Whether you pick flowers from your garden or buy them, all cut flowers benefit from being conditioned before they are arranged.
Unless the foliage of other perennials grows up to mask the bulb foliage as it decays, the garden looks a mess.
Flowers from bulbs are easy to arrange informally in a vase.
Growing plants in containers is an alternative for those who have no garden space.
Each of us has our own personal method by which we confirm the onset of spring. For me it is when my ground-hugging yellow aconites bloom.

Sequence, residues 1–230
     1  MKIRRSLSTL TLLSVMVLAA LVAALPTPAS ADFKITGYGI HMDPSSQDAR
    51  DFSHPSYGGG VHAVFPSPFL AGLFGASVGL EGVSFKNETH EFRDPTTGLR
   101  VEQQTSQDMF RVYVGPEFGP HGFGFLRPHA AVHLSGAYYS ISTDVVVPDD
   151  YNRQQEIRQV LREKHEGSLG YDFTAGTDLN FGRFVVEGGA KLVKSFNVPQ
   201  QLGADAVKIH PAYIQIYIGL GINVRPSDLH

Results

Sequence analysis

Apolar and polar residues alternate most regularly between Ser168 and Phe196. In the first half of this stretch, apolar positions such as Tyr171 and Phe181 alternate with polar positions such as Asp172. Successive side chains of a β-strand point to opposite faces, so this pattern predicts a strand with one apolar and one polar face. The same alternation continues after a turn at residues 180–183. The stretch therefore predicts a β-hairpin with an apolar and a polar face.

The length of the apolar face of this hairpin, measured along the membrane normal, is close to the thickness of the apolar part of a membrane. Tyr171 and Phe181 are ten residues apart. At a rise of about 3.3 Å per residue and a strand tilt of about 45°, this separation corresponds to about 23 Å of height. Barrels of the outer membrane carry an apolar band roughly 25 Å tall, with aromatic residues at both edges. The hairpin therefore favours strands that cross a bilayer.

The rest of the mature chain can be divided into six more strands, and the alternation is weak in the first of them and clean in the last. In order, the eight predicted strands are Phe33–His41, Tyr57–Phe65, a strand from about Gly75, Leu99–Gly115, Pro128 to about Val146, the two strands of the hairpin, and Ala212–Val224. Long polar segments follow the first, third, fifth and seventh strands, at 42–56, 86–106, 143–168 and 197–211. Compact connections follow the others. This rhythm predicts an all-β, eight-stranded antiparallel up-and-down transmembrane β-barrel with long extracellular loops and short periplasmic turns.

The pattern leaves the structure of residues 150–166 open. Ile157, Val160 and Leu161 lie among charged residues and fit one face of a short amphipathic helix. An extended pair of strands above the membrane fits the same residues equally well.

Different species of caterpillars have specific plants or plant families they need for their food.
There is an old saying that the time to prune the roses is when the forsythia blooms. Here in my Midwestern garden our forsythia blooms in March.
Although their early spring blooms are especially treasured, hellebores are stalwarts in the garden during all seasons.
There are old-fashioned spiraeas with lacy white flowers such as ‘Bridal Wreath’ that are quite large, as well as many new dwarf cultivars on the market.
In the Midwest, May is the month when our bearded iris bloom, and they are often combined in beds with the multi-petaled peony, another May-flowering perennial.